Integration strategy vs Change Management
Chris Evans: Change management is vital with an acquisition since an acquisition is essentially the most significant change a company will experience. It unfolds quickly, so active change management is crucial to assist people during this phase.
While deals might encompass various aspects, whether supply chains or customers, they all boil down to the people and employees. Thus, ensuring they have the best experience is crucial for every transaction.
Even simpler deals involve many individuals navigating significant change, which can be challenging and distracting. Proactive change management is essential to support employees and other stakeholders through this transition.
Scott Boyd: Yes, I agree. They're linked throughout the M&A lifecycle, especially during integration. It's widely understood how communication plays a role in change management, emphasizing transparency and proactivity to employees.
However, what's often underappreciated is the intentionality that change management demands in your integration plan. Given the sometimes fragmented nature of cross-functional integration efforts, change management necessitates a comprehensive approach across various work streams and functions.
This ensures that employees and customers experience the change in a well-considered manner, rather than being overwhelmed by what we referred to at Amazon as the 'Amazon bear hug'. This feeling can particularly impact back office functions and the executive C-suite without the necessary forethought and sequencing that change management provides.
Chris Evans: If you don't have a proper system in place, an integration team typically starts by working with the company's leaders, hoping those leaders will relay information to their teams. However, sometimes this information isn't passed down effectively.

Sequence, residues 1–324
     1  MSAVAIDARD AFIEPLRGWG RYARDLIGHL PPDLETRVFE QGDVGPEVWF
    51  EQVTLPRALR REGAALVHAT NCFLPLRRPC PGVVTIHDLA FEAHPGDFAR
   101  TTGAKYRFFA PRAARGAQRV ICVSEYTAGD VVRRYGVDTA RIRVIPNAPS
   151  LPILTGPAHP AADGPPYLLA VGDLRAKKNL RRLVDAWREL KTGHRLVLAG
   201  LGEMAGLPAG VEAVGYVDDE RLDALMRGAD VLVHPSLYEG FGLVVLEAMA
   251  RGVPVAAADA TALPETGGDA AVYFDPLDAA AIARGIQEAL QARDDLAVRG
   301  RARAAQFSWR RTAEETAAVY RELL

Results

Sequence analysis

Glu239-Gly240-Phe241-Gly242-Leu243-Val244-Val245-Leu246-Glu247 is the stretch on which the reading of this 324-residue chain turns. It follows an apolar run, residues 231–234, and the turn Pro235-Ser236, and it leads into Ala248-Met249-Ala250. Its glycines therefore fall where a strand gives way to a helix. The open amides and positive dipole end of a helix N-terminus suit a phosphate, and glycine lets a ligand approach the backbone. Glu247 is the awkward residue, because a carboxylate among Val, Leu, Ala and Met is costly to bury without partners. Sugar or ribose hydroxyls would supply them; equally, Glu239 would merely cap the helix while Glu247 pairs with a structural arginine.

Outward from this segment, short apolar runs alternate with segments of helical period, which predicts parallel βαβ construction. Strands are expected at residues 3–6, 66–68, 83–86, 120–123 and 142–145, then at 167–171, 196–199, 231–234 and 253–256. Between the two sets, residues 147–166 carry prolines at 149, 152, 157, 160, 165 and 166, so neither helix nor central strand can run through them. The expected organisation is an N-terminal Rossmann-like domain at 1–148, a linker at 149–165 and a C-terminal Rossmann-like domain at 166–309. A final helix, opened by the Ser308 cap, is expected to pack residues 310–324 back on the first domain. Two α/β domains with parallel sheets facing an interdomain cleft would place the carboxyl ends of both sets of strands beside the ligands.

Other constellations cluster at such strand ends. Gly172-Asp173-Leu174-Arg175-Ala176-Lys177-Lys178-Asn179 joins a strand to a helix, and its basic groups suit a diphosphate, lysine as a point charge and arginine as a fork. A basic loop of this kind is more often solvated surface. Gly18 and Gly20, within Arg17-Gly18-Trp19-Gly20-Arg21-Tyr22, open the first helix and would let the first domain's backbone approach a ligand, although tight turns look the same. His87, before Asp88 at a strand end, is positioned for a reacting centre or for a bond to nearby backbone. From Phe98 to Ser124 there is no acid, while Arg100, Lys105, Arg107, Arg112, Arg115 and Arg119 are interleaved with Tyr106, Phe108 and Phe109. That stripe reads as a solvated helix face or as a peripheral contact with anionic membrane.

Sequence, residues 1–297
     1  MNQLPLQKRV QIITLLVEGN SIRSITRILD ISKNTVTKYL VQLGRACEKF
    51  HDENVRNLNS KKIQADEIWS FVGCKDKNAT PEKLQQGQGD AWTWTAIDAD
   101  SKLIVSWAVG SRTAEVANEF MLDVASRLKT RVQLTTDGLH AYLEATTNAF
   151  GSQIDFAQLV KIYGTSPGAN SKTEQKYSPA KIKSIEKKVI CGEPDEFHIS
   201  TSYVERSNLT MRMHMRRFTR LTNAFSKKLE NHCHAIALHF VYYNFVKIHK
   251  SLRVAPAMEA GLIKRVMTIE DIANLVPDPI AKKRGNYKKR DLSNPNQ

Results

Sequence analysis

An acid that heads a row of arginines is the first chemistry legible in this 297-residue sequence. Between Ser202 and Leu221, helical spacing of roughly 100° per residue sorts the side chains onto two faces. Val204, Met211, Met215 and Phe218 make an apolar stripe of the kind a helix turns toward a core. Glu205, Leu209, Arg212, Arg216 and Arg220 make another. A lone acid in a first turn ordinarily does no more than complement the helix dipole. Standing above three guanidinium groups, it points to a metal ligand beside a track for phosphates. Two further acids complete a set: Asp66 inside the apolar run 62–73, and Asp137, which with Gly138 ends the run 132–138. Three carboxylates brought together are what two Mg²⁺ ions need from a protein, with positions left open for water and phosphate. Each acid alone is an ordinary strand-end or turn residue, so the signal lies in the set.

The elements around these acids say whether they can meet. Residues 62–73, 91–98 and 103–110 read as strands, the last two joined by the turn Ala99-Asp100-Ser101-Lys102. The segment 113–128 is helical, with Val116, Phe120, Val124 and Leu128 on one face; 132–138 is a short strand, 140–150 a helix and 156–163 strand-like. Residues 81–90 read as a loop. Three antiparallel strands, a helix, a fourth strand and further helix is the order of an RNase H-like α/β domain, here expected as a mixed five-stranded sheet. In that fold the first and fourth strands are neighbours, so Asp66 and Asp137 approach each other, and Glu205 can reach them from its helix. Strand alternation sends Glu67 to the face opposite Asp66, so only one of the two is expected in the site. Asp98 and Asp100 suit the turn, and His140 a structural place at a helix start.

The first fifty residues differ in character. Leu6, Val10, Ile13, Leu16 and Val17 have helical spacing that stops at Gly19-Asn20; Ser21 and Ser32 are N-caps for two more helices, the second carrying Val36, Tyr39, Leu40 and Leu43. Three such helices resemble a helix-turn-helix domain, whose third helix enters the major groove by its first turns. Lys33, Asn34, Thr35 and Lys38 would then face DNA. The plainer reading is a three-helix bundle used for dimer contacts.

As a result, employees might hear about changes informally, leading to distractions and misconceptions. Employees can feel left in the dark, which fosters uncertainty and concern. It's crucial to have proactive change management that clearly communicates what will change and what will remain the same.
An acquisition can challenge every aspect of a company. Clearly stating what won't change can be reassuring. Without this clarity, there's often just a top-down approach with the hope that information filters down.
Scott Boyd: Absolutely agree. One lesson I learned during my time at Amazon is the importance of supporting not only the newly acquired teams but also managing change within the parent organization. This often relates to the acquisition rationale.
If you've made several attempts at a market segment or developing a product internally without success, M&A becomes a logical next step. However, it's crucial to consider the implications for the internal team. Will they collaborate with the new team, face layoffs, or require other changes? Ensuring that your existing employees are well-supported through an acquisition is vital.
When acquisitions don't go as planned, the issues often originate within the parent company, not just the target. The level of support needed depends on the extent of change happening within the parent company.
Definition of Change Management
Scott Boyd: Well, it's a term that can mean various things to different people, often used synonymously with communications. The primary value I see in change management, as I mentioned before, is the intentionality and scrutiny applied to every plan. Whether it's a business plan, a customer migration strategy, or coordinating back-office operations, it's crucial to proceed in a coordinated and intentional manner. Ensuring thoughtful sequencing is essential to manage unintended consequences. This deliberate approach then allows for thorough and meaningful communication about upcoming changes
Chris Evans: Intentional communication is essential. Change management can start off simple. For example, we once discussed the limited engagement we had with employees compared to leaders. On one occasion, we decided to introduce a newsletter. Though we weren't sure of its content initially, we committed to sending it every two weeks.
This approach was simple, but employees appreciated it. On-site, they often mentioned it, noting the lack of information in previous acquisitions they'd experienced. Even a basic newsletter can make a difference.